A Teaching Adventure

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14330691670_5f562afe1b_zVanish for a month or so from the online publishing world and some people might take notice. A few emails trickle in: “where’d you go?”, “what’s going on?”.  10 years of publishing something at least every week if not several times a week, brings some degree of expectation.

On the other hand, like so many things in life, it is great to break a tradition, strike up in a new direction, or simply defy expectations. Go left when they expect you to go right. – In my case, live more offline than I have in a decade; become a better cook, a dedicated partner, study the ukelele, get more into yoga, push the ultimate frisbee skills to a new level.  And while all that was going on, on the heels of my successful crowd funding project, the reality set in of needing to raise funds in order to live and have some kind of a future.

That is when a whole other kind of adventure appeared, a regular teaching gig, a 15 minute bike ride from home. A far different scene than the scorching hot classrooms of Jalalabad, Afghanistan or the brief-but-exciting classrooms of Brooklyn College, I found myself with the task of teaching 100 or so, mostly Dutch, second year college students who are not pursing journalism, politics, or any of the humanities my work has so often been connected to.  “A challenge” is what teachers typically call a really tough audience that may not always want to hear what you’re trying to show them and on the same hand demand you show up class after class after class with an interesting presentation to keep them thinking (or from falling asleep).  A challenge is definitely what I was confronted with these past months. An interesting challenge that also leads me to see both myself and the world from another new angle.  Although I’m still a traveller at heart, it was a reminder that new ideas and insight can sometimes be found  very close to home.

Like journalism, school is a special kind of institution with a kind of public responsibility. Yet somehow, like journalism, school has become a big business, suffering from all the drawbacks that business entails (sure a few benefits too). Attracting and keeping an audience,  dealing with limit budgets, following rules yet trying to be flexible; unfortunately journalism and education face many common realities. Perhaps that is the reason an education job, to me, doesn’t feel like a far stretch from the media world. It is all connected. As Zenobia Dawson once said to her teachers in “The Wire”, “We’ve got our thing, but it’s just part of the big thing.” – Indeed.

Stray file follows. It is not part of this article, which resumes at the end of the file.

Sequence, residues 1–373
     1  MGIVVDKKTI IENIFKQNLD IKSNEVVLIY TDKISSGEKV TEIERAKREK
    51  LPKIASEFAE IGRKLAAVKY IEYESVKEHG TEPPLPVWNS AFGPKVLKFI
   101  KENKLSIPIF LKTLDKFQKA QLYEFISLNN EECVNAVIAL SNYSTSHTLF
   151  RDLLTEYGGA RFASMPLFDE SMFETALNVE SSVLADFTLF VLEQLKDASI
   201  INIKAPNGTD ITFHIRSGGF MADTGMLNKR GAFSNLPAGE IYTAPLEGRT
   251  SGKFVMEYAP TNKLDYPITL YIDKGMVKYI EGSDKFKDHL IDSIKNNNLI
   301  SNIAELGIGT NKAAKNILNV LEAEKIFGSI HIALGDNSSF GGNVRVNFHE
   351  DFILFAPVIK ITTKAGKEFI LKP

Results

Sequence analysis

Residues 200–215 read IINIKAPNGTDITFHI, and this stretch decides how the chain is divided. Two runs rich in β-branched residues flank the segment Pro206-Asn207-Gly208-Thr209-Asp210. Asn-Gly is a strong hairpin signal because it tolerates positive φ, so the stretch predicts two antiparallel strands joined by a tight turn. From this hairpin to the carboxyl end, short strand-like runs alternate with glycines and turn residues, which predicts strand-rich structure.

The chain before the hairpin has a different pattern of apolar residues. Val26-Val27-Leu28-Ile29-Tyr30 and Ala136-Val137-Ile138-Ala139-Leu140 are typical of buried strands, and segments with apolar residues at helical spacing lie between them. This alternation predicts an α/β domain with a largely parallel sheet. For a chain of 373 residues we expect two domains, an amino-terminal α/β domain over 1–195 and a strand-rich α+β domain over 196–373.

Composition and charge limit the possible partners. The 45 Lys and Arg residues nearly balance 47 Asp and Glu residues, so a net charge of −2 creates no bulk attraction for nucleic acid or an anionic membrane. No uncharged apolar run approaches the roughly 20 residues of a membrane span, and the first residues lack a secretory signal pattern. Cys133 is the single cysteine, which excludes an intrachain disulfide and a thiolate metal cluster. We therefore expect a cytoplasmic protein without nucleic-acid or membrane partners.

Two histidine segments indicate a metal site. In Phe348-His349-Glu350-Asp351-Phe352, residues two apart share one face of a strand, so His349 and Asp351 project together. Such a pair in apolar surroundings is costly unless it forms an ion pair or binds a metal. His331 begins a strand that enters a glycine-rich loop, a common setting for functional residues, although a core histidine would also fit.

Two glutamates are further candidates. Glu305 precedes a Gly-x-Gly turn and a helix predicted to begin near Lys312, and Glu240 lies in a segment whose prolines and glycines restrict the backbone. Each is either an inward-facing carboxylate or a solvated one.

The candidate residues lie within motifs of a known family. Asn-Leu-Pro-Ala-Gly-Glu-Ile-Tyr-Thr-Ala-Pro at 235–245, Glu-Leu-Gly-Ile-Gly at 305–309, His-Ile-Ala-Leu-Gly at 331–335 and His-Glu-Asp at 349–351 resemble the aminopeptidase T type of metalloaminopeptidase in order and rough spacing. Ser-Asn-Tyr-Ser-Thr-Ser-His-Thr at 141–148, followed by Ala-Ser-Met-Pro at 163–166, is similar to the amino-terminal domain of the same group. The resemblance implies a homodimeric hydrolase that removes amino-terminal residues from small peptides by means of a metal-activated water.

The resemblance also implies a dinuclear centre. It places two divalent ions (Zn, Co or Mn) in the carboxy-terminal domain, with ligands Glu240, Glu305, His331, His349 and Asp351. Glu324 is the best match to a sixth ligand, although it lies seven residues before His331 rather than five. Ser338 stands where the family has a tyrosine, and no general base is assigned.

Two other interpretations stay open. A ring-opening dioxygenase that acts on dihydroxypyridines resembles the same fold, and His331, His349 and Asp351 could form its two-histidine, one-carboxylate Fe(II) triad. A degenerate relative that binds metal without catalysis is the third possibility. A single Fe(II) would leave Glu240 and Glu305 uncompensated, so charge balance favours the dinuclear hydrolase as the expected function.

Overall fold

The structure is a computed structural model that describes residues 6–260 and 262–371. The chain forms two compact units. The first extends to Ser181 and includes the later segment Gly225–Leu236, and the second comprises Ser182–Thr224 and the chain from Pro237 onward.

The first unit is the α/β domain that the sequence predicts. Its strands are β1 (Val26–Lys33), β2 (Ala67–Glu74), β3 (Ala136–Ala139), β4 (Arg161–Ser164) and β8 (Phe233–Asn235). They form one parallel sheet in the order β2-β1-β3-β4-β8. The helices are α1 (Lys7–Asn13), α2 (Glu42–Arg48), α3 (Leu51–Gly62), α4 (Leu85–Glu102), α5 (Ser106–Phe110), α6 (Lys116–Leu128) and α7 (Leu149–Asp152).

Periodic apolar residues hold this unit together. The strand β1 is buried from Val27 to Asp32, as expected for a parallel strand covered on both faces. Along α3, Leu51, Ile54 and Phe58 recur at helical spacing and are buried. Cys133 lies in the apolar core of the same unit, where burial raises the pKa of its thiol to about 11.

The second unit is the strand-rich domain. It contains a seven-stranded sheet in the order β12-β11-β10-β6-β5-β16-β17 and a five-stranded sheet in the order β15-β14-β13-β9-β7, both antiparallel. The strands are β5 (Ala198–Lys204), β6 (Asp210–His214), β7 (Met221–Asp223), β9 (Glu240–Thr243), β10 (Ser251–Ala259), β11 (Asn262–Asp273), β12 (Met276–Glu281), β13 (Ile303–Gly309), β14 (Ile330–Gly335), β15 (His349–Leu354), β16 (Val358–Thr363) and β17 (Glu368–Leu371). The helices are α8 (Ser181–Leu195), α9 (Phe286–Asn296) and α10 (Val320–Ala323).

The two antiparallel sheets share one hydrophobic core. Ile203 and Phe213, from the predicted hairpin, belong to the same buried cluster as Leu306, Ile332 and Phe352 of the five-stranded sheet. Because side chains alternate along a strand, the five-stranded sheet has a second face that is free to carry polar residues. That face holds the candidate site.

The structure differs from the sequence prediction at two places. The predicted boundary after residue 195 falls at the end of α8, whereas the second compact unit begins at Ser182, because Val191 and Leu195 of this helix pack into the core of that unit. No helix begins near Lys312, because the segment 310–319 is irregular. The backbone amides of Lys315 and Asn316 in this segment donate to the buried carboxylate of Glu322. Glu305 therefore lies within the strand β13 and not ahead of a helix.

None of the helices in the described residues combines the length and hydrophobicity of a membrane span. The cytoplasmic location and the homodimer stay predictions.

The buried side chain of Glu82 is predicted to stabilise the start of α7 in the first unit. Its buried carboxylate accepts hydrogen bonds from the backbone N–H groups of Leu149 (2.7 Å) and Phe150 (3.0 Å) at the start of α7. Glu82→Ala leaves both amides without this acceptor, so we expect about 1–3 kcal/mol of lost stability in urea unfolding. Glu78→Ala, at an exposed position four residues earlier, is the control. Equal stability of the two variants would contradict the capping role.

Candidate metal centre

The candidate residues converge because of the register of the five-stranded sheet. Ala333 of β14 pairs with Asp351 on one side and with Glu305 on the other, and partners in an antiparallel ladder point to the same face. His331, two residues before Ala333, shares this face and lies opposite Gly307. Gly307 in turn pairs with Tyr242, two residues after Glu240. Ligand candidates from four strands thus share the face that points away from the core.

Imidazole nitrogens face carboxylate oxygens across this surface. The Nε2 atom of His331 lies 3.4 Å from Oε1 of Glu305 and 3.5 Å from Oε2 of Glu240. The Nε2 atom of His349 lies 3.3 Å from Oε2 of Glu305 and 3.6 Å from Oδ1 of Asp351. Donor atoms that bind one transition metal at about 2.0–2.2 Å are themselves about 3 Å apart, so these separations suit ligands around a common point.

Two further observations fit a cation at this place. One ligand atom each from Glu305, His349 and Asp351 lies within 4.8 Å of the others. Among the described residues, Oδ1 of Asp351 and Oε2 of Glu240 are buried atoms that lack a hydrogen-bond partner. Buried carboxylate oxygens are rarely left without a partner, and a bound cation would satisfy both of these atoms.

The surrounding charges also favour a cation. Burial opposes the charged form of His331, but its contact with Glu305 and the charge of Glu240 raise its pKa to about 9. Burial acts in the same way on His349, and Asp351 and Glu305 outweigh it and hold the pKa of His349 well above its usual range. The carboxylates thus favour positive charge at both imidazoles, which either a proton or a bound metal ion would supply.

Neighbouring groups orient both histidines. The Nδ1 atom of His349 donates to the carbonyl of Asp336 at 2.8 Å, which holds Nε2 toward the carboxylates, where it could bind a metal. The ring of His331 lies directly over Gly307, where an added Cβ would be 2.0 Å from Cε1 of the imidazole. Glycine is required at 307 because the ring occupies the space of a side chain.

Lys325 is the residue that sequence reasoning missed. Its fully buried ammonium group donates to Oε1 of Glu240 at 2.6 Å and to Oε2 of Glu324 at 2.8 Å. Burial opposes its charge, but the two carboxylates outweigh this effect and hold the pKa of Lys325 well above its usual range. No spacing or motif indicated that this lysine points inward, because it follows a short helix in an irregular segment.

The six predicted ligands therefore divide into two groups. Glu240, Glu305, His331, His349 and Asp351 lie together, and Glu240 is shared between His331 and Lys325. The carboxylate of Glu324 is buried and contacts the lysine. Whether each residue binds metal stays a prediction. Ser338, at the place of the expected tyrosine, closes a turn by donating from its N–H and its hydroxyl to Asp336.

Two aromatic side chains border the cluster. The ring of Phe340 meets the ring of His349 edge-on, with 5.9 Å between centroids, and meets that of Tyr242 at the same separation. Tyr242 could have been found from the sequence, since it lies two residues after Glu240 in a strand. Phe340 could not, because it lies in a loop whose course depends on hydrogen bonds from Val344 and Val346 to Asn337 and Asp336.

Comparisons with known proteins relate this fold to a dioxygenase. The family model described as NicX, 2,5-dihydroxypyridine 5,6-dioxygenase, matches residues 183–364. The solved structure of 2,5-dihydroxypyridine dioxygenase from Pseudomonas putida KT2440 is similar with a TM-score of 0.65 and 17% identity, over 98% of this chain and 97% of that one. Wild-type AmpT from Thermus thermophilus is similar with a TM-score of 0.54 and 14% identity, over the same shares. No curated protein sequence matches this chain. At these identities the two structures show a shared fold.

10 Years Ago Today: My Nephew Arrived

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An oldy from our younger days.

Long long ago in a time where journalists could be bloggers and bloggers might be journalists and people actually read long form personal content, this here website was a hotbed of socio-political activity. Hard to believe, but in those days my friends and family were a regular part of what took place here. I could be talking about a war somewhere in the world or the latest activity my young family members were busy with.

Humbling to think that 10 years ago, this week, I wrote the following:

Special announcement: I’m an uncle. On May 13th, around 8pm, Alexander Marsh Rendeiro was born in New Brunswick, NJ, USA. Out of respect for the privacy of my nephew, photos are only available upon request for now. From what I gather, the family is good, just very, very exhausted.

From there every year or so I would write letters and record videos (currently offline) about or for my nephew.

As far as uncles go, I’m not the best. I live too far away to qualify as a great one. Still, from this side of the ocean, I watch, listen, and ask all about the life and times of this extraordinary human being.  And when I am over in New Jersey, I do my best to make up for lost time, and share some laughs before I’m off again.

10 years is impressive. It also goes by in the blink of an eye. As I type that, I find myself thinking of how interesting the next 10 years will be. Wow. Here’s to the decade to come, happy birthday young mister A-Ren!


Closing Out the Dubai Taxi Project

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avatar Mark Fonseca Rendeiro
in Amsterdam, The Netherlands
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ctrp470_140504In order to properly say goodbye to the Dubai Taxi Project, you have to have a podcast. On today’s program there are final notes, unpublished reflections, hypocracies, musings, future plans and even an easter egg. No guests, no taxi’s, just me and a microphone and you listening wherever you are in the world. Podcasting the way it was in the beginning, where it is good to return to after a long journey or time away.


Storytelling in Dubai

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avatar Mark Fonseca Rendeiro Amazon Wishlist Icon
avatar Meedo

12090690025_fea4f8dbf9_zAre we living in an era where the art of storytelling has risen to some newfound prominence? What kinds of stories are inspired and produced by the cultures of the Arabian peninsula these days? How difficult is it to achieve a balance between life and work in this environment?  These and other subjects are a part of this lunchtime podcast we recorded at the American University in Dubai this past winter.

Meedo Taha is, among other things, a storyteller based in Dubai. But before making a life in this city, his story went from Lebanon, to London, to Tokyo, to LA and beyond.